In situ hybridization experiments have established the expression specificity of a subset of the 38 known biosynthetic genes involved in bis-indole alkaloid biosynthesis, where the initial steps are located in internal phloem-associated parenchyma (IPAP) cells, downstream enzymes in epidermis and late enzymes located in idioblast cells18,19,20,21,22. We performed single-cell RNA-sequencing (scRNA-seq) on ~13 to 14-week-old C. roseus leaves (Supplementary Fig. 5) and obtained gene expression profiles of 15,437 cells and 19,337 genes (Fig. 4a). We integrated three independent biological replicates using Seurat23 (Supplementary Fig. 6) with clustering patterns similar across three replicates. Cell types were assigned using Arabidopsis marker gene orthologs (Supplementary Table 8, Fig. 4a and Supplementary Fig. 6). Two cell types, IPAP and idioblasts, were inferred using previously studied C. roseus biosynthetic genes that show cell-type-specific expression18,19. In an independent experiment, we profiled gene expression at the single-cell level across 1,379 cells using the Drop-seq platform24 (Supplementary Fig. 7a). Although fewer cell types were detected using the Drop-seq platform, expression profiles across the top 3,000 variable genes were highly concordant between the cell types detected by two different platforms (Supplementary Fig. 7b). Taken together, we inferred that the single-cell expression profiles are robust and reproducible across two experimental platforms.
Coexpression analyses using whole-tissue or organ-derived gene expression datasets, that is, bulk mRNA-seq, have enabled the discovery of MIA biosynthetic pathway genes (Fig. 4b). However, whole organ/tissue-derived expression abundances provide an expression estimation that is averaged over all cells in the organ. Thus, if a gene is expressed in a rare cell type, such as the idioblast, the power of coexpression analyses will be limited at best. Therefore, we examined scRNA-seq data for biosynthetic gene expression across cell types and found that the pathway is clearly expressed in three specific leaf cell types (Fig. 4b). The improved resolution in cell-type-specific expression profiles compared to tissue-specific profiles is stark (Fig. 4b and Supplementary Fig. 7c). The cell-type-specific expression patterns of 17 biosynthetic genes previously characterized by mRNA in situ hybridization18,19,20,21,22 (Fig. 4b, marked with *) confirmed our cell type resolution of MIA biosynthesis. The MEP and iridoid stages of the pathway are expressed in IPAP, whereas the alkaloid segment of the pathway is primarily expressed in the epidermis, and the final known steps of the pathway are exclusively expressed in the idioblasts. Previous work suggested that a heterodimeric GPPS, composed of large subunit (LSU) and small subunit (SSU), is responsible for geranyl pyrophosphate used in MIA biosynthesis25. Interestingly, although GPPS LSU is specifically expressed in IPAP, GPPS SSU is expressed in other cell types as well (Supplementary Fig. 7d). Finally, we found that secologanin transporter (SLTr) that is physically clustered with TDC and STR and colocated within the same TAD as these two biosynthetic pathway genes are specifically expressed in the epidermis (Fig. 3a,b and Fig. 4b), further supporting its involvement in transporting the MIA intermediate secologanin.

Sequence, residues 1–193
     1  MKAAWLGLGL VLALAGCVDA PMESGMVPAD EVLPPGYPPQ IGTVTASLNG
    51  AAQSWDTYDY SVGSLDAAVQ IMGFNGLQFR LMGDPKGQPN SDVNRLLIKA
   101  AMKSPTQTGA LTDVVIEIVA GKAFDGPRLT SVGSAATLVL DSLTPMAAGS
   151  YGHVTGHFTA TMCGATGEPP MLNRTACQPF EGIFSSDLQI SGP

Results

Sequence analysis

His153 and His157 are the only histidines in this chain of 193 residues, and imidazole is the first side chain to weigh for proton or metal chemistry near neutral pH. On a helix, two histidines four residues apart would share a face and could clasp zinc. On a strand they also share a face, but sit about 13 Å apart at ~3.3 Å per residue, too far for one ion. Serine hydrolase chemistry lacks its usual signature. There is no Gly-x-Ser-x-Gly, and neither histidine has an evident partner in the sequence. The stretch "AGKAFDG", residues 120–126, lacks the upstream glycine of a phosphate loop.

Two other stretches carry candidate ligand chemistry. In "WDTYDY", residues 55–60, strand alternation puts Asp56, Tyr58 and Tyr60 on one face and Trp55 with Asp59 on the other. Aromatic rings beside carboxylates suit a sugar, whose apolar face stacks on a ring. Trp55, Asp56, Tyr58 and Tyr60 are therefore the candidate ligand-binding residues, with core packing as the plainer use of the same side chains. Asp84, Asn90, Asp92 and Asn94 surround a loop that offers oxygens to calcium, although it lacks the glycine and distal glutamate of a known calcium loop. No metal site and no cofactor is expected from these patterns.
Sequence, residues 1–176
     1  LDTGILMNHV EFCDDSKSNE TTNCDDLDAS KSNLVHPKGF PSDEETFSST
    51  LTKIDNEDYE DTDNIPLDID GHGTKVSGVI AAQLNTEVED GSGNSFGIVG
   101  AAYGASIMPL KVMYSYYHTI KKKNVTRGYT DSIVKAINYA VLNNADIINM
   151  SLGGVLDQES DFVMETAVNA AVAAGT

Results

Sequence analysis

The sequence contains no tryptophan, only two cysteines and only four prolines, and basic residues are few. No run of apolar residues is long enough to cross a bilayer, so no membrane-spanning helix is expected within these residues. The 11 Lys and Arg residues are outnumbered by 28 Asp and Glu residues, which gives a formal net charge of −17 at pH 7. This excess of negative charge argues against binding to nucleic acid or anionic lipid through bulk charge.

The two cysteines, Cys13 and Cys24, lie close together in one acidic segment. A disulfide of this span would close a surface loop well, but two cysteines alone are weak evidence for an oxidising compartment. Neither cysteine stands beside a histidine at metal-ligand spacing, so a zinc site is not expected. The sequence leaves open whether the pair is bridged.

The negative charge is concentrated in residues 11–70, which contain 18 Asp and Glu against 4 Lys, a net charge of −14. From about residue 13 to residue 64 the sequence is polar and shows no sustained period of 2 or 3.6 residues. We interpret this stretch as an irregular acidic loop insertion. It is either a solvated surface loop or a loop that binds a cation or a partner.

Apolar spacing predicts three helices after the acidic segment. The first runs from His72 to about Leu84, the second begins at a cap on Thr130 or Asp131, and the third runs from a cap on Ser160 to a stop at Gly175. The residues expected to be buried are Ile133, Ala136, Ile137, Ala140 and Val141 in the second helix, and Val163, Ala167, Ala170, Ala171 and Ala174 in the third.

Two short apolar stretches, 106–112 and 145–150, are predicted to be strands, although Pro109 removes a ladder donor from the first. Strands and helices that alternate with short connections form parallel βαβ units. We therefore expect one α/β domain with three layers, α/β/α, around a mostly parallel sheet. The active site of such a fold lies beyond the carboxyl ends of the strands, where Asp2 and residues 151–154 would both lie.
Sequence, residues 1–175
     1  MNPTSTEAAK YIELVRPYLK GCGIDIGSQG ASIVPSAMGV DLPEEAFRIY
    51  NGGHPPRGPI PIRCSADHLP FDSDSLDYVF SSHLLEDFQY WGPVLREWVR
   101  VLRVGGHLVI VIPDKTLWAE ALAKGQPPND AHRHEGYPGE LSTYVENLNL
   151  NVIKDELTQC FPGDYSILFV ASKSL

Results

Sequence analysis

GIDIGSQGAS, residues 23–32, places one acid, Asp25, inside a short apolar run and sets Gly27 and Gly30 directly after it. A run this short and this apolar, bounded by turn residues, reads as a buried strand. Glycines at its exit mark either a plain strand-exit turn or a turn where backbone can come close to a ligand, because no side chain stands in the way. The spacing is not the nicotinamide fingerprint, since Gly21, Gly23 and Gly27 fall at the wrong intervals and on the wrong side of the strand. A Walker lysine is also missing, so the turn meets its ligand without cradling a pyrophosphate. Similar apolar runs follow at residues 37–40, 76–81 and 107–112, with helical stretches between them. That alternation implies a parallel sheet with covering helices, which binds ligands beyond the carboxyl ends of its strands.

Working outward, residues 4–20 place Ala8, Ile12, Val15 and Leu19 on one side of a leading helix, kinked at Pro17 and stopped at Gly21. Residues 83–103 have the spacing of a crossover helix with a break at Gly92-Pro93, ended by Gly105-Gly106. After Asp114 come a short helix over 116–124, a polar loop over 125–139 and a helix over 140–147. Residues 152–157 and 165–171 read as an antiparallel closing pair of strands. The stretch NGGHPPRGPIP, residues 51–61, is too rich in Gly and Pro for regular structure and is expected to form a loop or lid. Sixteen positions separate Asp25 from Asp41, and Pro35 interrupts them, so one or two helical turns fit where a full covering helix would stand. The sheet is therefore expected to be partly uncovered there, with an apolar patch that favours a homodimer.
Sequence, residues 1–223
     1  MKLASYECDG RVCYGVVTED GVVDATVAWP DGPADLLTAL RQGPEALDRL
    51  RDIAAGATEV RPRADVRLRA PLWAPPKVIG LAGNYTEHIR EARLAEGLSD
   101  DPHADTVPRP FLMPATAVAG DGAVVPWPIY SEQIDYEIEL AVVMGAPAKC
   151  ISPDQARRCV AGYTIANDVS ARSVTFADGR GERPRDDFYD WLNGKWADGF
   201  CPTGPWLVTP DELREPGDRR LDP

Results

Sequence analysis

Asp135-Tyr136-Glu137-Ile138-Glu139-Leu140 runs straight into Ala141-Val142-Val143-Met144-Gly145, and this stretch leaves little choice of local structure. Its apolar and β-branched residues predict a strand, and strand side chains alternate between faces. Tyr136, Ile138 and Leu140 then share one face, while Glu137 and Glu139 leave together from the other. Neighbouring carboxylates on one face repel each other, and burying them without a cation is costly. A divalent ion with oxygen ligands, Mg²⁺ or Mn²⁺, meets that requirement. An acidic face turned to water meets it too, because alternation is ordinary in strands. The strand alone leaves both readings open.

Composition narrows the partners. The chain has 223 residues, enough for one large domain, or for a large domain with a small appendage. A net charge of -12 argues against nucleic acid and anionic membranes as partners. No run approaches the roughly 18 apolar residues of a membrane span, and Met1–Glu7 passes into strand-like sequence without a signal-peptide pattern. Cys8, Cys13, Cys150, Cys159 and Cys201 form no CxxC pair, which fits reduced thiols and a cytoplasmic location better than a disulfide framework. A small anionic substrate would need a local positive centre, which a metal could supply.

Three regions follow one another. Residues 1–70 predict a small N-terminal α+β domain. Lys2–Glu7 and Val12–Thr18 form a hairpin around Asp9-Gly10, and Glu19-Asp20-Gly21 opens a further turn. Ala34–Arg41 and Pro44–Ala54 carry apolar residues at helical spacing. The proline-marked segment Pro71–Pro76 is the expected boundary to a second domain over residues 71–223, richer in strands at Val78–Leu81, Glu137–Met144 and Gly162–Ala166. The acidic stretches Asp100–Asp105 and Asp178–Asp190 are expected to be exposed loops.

We performed gene coexpression analyses producing a network graph for biosynthetic genes as well as previously reported transcription factors. The network is self-organized into three main modules, corresponding to IPAP, epidermis and idioblast (Fig. 4c). We also note that SS9 is a member of the idioblast coexpression module. SS catalyzes the formation of serpentine, which has a strong blue autofluorescence and has been previously used as a visual marker for idioblast9. The recovery of SS in the idioblast module confirms the robustness of this coexpression analysis. Upon jasmonic acid (JA) elicitation, MYC2 and ORCA3 transcription factors are activated, which in turn activate MIA biosynthetic genes26. However, MYC2 and ORCA3 were not part of any modules containing biosynthetic genes (Fig. 4c), suggesting that the regulatory mechanisms in response to JA are distinct from those controlling cell-type-specific expression. Finally, a paralog of ORCA3, ORCA4 (ref. 27), was detected within the epidermis module, suggestive of regulatory roles beyond JA-responsiveness. Gene identifiers of all genes within coexpression modules shown in Fig. 4c can be found in Supplementary Table 9. Taken together, the leaf scRNA-seq dataset is consistent with data obtained from previously established localization methods and provides accurate and high-resolution data for gene discovery. Moreover, the cell type resolution expression patterns produced coexpression networks that clarified and expanded regulatory relationships.